PROP 65: Swift with Changes

PROP 65:  Swift with Changes

PROP 65:  Swift with Changes
Candy Liu

DINP was added to the PROP 65 List on December 2013 and businesses were given 12 months to determine and control exposures in products or be forced to place clear and reasonable warnings where exposures to the public are imminent.  On December 20th, 2014, this allowance finally ended as businesses scrambled to address requirements with labels and warnings, after failing to remove products from the market presenting DINP exposure.  Surely a near impossible task for manufacturers with complicated distribution channels, some of which are not within their control.

The OEHHA wasted no time in proposing a Safe Harbor Level of 146 micrograms per day for DINP though the period for public comment was extended to February 25, 2015 and this remains to be finalized.

This was shortly followed by the mid-January submission of the OEHHA’s (Office of Environmental Health Hazard Assessment) formal proposal to revise Title 27, Article 6 Sub-articles 1 & 2 of the California Code of Regulations addressing Clear and Reasonable Warnings.

While this proposal is pending approval, it presents significant changes to warning requirements including language, font size, the use of a pictograph and the mention of one or all of 12 identified substances on the warning should it present exposures in the product.  To be clear, the so-called “Dirty Dozen” does not replace the PROP 65 list but have been identified as some of the most commonly found hazardous substances.

It also clarifies manufacturer and retailer responsibility, the expansion of which implies how liability will be determined in future litigation.  For instance, manufacturers must provide warning materials to retailers with the provision that retailers acknowledge initial receipt and renew this acknowledgment every 180 days during the period it sells the product in California.  Should retailers fail to post these warnings or should they obscure, alter or cover on-product warnings, they would assume responsibility.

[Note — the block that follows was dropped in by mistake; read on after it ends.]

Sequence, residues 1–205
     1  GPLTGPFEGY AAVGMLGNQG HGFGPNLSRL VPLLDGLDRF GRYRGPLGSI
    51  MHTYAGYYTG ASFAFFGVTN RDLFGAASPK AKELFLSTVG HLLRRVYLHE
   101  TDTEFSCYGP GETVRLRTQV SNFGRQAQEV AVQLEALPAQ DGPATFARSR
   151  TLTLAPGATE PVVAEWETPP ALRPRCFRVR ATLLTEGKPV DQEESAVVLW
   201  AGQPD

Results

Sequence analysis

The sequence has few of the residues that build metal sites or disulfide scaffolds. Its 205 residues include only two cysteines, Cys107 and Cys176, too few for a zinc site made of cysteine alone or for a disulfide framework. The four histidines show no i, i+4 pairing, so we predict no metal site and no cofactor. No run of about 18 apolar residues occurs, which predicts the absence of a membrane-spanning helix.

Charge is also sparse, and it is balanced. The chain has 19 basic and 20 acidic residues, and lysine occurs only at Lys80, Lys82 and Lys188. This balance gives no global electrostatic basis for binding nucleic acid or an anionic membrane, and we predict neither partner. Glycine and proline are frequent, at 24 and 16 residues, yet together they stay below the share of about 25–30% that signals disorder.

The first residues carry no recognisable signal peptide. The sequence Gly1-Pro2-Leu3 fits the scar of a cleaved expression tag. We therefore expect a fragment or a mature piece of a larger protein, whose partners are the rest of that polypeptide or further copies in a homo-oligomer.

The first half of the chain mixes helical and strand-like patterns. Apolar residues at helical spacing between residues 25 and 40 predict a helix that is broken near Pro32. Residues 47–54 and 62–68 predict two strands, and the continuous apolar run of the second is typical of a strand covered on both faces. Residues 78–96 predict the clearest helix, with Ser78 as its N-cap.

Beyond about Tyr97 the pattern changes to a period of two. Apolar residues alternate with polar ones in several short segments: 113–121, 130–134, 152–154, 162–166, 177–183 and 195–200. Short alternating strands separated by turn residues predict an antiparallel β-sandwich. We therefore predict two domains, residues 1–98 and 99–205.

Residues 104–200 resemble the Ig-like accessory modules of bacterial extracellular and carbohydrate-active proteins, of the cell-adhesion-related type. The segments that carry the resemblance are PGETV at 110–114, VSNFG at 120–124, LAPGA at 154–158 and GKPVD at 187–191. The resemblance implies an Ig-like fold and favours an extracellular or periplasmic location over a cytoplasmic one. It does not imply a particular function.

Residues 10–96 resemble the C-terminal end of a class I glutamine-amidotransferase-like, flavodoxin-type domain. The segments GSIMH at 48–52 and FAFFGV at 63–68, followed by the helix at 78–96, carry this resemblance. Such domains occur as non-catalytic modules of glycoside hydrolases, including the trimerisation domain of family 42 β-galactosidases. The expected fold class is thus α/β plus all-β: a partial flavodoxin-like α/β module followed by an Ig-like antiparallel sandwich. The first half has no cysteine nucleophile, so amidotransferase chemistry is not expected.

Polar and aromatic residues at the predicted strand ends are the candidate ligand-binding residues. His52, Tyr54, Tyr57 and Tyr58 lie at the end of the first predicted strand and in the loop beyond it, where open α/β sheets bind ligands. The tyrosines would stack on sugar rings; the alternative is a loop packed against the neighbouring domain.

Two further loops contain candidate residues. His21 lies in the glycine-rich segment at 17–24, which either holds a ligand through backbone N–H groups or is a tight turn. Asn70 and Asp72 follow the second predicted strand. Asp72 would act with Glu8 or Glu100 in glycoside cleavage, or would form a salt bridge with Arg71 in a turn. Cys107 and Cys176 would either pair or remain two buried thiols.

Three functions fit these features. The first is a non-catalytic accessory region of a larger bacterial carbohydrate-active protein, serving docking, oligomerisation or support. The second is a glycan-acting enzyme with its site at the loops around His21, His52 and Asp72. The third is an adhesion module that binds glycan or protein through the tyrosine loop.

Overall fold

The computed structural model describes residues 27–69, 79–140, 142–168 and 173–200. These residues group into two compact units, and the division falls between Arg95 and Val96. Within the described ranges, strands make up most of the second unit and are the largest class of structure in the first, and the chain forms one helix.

This presents added risks for retailers if they lack vigilance in warning placement and maintenance, a likelihood given a workforce with a good number of casual or temporary workers where training may be diluted or altogether absent.  Averse to this risk, retailer reactions have so far leaned towards demanding products that would instead present no exposures and thus, avoid the need for a warning.

While the PROP 65 list will certainly not remain static, material manufacturers have started responding by introducing more stringently restricted products.  In the wake of the 2013 DINP listing, we introduced our 6P-Free General Use products formulated to meet the current PROP 65 list and have seen positive responses from customers wishing to remain in step with the regulation.

Though no assurance can be given that this will meet future requirements as more and more substances are added, it’s obvious that reformulation will be a continuous process and monitoring PROP 65 activity a daily diligence.

It’s clear that as the OEHHA ramps up to fulfill Gov. Jerry Brown’s intent to reform the statute, product and material manufacturers alike must respond with speed and innovation.  One example of the proposed on-product warning for products that can expose the public to reproductive harm for instance, is shown simply as, “Reproductive Harm –

Now, would you like a cup of cancer with that as well?

For more information on the availability of 6P-Free General Use films in your desired application, contact us at for assistance.

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